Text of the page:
God help us.
TreyPosted by Trey at March 5, 2006 06:59 PM
At what point, exactly does a consistent pattern of malreporting cross the line into a 'deliberate' disinformation campaign ?
Just asking. And on a related issue, can a society really remain 'free' in an atmosphere of 24-7 'agitprop'? When does enough really become ENOUGH?Posted by dougf at March 5, 2006 07:06 PM
Nice job - demonstrating the importance of reading the transcripts, not what the MSM claims was said.
In your first example, the NYT paragraph rates a "D-". However, the WaPo paragraph you quoted is pretty good, maybe an "A-". Here's a replay of the WaPo:
Moreover, in Baghdad, Iraqi security forces in several instances aided the militias' movements, allowing them to pass unhindered through checkpoints, according to military reports cited by Casey. He said the militias were primarily responsible for attacks on mosques in Baghdad, where militias in neighborhoods such as the predominantly Shiite Sadr City had taken to the streets immediately after the Samarra bombing.
To verify it you need to also consider Casey's comment during his main presentation, as follows:
I also know there's questions on the role of militias within this violence. Now, our estimate is that in the immediate wake of the bombings, in areas like Sadr City, militia did take to the streets. But in the vast majority of the cases, they yielded to Iraqi police and Iraqi security forces without conflict. We do have reports of Iraqi security forces assisting militia movements, particularly in the east Baghdad area, and we also believe that groups of militia were primarily responsible for the attacks against the mosques in the Baghdad area. And we continue to follow up on the information that we have on these with the Iraqi security forces.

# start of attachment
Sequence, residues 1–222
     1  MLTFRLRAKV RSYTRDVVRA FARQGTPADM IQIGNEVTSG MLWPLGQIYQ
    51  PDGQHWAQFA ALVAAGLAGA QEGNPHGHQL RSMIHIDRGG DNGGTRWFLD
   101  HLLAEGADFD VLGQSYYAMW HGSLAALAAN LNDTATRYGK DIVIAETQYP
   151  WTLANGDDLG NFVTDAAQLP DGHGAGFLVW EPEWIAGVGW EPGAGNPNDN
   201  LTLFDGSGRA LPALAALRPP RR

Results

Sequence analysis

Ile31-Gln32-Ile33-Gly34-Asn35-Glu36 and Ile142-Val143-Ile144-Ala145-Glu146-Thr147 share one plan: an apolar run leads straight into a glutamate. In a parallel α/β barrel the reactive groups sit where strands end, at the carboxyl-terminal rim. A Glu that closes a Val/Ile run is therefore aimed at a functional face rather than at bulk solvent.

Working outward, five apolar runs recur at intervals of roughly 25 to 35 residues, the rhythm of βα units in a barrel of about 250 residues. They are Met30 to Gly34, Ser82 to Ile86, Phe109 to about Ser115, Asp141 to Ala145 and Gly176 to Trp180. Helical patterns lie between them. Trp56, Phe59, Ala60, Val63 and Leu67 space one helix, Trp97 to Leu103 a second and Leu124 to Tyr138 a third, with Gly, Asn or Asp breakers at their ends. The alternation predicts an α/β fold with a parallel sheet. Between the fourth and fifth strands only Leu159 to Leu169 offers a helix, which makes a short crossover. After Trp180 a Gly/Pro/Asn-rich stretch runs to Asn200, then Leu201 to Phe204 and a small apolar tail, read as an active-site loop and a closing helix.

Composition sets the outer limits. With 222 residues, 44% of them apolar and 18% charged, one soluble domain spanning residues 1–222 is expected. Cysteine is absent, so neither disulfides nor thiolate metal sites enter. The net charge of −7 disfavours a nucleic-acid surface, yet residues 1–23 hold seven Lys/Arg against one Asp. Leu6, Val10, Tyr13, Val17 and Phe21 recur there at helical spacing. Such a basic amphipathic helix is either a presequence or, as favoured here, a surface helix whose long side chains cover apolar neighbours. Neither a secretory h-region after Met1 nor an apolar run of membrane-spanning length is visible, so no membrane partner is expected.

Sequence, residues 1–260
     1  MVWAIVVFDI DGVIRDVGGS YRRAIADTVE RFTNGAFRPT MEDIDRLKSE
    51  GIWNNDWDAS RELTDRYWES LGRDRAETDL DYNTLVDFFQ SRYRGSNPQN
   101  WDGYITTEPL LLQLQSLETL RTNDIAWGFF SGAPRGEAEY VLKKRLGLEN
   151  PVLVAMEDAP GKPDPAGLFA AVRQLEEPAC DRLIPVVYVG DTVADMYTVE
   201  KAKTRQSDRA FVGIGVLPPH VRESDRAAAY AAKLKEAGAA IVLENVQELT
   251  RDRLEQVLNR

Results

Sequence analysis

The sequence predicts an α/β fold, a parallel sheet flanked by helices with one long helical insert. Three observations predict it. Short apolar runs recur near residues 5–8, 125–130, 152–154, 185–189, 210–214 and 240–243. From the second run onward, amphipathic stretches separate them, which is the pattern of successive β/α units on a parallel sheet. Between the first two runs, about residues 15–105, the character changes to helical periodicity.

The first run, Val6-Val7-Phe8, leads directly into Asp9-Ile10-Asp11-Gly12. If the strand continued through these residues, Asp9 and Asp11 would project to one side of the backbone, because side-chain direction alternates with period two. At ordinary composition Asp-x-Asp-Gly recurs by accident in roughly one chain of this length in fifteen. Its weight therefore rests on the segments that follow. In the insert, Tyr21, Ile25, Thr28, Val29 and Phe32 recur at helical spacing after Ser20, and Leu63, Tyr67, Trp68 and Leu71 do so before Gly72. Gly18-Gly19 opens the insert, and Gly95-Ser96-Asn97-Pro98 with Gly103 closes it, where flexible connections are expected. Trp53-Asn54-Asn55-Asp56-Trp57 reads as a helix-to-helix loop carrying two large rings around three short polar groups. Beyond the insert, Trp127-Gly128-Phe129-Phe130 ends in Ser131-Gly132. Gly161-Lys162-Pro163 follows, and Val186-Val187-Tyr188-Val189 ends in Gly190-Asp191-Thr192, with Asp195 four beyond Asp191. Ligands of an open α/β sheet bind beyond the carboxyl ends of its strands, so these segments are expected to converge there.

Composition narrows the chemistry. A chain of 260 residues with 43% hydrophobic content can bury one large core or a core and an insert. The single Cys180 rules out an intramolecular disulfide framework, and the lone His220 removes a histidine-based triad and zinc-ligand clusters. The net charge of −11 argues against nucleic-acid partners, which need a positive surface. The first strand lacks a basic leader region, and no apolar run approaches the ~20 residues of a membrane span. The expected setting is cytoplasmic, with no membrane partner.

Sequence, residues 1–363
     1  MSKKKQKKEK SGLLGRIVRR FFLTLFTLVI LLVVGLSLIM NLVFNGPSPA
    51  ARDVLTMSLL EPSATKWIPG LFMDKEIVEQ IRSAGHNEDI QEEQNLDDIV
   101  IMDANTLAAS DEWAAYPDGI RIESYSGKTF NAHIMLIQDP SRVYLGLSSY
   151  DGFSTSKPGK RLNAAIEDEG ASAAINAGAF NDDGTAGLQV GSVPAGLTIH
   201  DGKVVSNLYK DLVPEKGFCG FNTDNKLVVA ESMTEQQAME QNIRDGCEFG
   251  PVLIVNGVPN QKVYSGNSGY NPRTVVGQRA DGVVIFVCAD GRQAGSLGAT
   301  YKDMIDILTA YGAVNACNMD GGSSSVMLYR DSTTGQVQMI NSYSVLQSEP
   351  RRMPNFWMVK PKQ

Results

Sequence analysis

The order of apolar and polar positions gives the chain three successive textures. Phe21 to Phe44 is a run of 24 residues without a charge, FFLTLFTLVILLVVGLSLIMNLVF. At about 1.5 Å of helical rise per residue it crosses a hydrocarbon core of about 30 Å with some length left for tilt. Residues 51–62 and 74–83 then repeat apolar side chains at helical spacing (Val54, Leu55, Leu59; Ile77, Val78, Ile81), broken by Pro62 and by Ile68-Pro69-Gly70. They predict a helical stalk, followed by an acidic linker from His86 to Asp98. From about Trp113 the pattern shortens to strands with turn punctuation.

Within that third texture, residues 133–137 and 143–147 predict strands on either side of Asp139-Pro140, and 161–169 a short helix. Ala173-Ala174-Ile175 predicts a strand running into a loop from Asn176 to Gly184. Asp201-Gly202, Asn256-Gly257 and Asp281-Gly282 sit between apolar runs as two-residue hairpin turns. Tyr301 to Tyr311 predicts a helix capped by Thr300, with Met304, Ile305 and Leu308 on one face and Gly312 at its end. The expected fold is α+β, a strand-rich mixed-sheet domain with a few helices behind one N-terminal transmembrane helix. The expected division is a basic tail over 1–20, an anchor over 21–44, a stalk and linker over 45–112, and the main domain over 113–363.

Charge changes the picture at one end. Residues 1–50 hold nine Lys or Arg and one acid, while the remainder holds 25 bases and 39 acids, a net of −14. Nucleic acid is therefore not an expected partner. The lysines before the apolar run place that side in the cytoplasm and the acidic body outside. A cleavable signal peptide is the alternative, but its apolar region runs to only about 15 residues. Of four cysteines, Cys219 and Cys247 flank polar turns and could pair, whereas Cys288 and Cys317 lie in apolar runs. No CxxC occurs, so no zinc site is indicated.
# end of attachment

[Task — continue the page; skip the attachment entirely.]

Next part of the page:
Speaking of "Checkpoints" - I'd like to know the manning at those checkpoints compared to the size and firepower of the armed militia forces that were allowed to pass. There is a point where discretion becomes the better part of valor.
I agree that the Post did a better job than the Times - but they still downplayed the fact that their original reporting was overblown. In fact, they are now proposing a conspiracy theory for why the current death toll reports aren't as high as the 1,300 they first claimed.
An international official in Baghdad, speaking on the condition of anonymity, said that about 1,000 people had been killed between the day of the bombing and Monday, and said the figure came from morgue officials and others. He said those officials have since acceded to a lower official count because they feared reprisals if they did not.That's from the same WaPo report linked in the entry above.
But as Ralph Peters reports from Baghdad today:
So why were we told that Iraq was irreversibly in the throes of civil war when it wasn't remotely true? I think the answers are straightforward. First, of course, some parties in the West are anxious to believe the worst about Iraq. They've staked their reputations on Iraq's failure.
But there's no way we can let irresponsible journalists off the hook - or their parent organizations. Many journalists are, indeed, brave and conscientious; yet some in Baghdad - working for "prestigious" publications - aren't out on the city streets the way they pretend to be.